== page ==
During the First World War letters and parcels from home were essential to the upkeep of the troops’ morale. A file of letters sent to Nathaniel, 1st Lord Rothschild (1840-1915), during the first two years of the war show both the troops’ gratitude and the surprising array of gifts being sent from New Court.
Members of the Rothschild family, along with many others, subscribed to charities and organisations sending parcels of food and luxuries to the front. A receipt in the banks’ records shows that in December 1917 Alfred (1842-1918) sent cases of Christmas turkeys and champagne from Harrods to the Red Cross Hospital, British Expeditionary Forces, in France. Nathaniel, Alfred’s elder brother and Senior Partner of the Bank, sent similar luxuries such as pheasant and grouse, but also functional items such as telescopes and balaclavas. The men wrote to him conveying their deep and sincere gratitude, and after his death in 1915 his Frankfurt-born widow Emma (1844-1935) continued sending similar parcels. During the conflict Natty had a personal correspondence with John ‘Jack’ Spencer Churchill (1880-1947), younger brother of Winston, who was himself indebted to the famous Rothschild communication network, for forwarding Jack’s letters.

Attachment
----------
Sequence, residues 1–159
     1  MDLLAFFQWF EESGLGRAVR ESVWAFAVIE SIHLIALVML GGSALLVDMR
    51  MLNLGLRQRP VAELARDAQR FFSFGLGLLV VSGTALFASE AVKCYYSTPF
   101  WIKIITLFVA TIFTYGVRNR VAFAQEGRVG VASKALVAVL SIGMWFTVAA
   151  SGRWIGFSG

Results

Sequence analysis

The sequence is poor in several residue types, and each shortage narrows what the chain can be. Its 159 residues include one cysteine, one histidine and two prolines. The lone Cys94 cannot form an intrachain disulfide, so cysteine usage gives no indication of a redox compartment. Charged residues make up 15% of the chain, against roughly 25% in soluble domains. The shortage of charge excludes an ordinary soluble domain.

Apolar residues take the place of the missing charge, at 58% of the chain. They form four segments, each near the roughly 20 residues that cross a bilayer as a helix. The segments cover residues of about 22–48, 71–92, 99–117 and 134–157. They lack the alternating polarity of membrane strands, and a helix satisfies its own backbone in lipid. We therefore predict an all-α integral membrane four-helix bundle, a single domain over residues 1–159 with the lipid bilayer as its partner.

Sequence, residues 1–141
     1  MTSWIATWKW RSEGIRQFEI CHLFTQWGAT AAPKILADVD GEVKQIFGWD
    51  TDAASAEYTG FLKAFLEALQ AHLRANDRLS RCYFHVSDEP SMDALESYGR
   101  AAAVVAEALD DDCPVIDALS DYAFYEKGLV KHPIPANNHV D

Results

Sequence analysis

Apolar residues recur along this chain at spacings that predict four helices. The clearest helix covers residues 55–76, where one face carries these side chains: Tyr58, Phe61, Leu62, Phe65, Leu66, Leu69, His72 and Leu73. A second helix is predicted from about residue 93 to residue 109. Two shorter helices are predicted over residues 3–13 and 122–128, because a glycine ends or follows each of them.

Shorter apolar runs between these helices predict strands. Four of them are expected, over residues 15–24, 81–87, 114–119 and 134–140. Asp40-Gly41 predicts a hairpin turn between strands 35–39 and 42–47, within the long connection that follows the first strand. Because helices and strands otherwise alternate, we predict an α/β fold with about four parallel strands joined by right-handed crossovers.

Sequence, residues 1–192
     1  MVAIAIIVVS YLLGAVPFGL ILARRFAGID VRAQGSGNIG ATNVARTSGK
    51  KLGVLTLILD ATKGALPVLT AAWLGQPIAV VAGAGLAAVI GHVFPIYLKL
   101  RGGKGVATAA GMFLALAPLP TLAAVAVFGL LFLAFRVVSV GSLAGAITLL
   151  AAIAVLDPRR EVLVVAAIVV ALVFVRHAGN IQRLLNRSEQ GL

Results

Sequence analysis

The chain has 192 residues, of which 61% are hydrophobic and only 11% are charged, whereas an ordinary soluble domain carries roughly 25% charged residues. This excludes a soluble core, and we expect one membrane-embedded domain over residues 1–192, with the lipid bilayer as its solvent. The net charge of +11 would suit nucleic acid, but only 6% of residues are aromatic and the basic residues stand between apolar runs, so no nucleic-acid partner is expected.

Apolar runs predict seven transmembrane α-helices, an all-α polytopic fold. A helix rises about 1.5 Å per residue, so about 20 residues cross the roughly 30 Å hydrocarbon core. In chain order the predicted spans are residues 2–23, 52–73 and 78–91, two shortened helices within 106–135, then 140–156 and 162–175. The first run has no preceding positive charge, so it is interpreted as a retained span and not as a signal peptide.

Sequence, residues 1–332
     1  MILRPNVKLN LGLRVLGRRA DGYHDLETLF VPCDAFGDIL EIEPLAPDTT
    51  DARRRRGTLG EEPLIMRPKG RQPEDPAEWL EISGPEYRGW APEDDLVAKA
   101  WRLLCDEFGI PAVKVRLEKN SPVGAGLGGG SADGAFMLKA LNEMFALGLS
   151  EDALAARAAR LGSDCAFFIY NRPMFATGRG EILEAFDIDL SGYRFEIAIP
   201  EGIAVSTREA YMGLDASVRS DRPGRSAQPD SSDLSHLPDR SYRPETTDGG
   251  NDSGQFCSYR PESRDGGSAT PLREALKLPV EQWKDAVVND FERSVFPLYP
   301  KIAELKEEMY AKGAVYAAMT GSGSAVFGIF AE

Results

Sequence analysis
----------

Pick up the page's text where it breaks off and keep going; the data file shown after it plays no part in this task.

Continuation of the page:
13 January 1915
My dear Lord Rothschild,
Many thanks for sending me Jack’s letter.
The waiting is dull, but time is on our side.
Winston S Churchill
RAL reference: RAL 000/848/37/1